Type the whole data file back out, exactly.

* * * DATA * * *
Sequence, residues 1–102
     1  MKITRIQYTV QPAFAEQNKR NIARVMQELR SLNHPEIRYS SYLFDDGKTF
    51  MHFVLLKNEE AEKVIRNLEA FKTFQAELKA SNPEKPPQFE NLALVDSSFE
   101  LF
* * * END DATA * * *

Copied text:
Sequence, residues 1–102
     1  MKITRIQYTV QPAFAEQNKR NIARVMQELR SLNHPEIRYS SYLFDDGKTF
    51  MHFVLLKNEE AEKVIRNLEA FKTFQAELKA SNPEKPPQFE NLALVDSSFE
   101  LF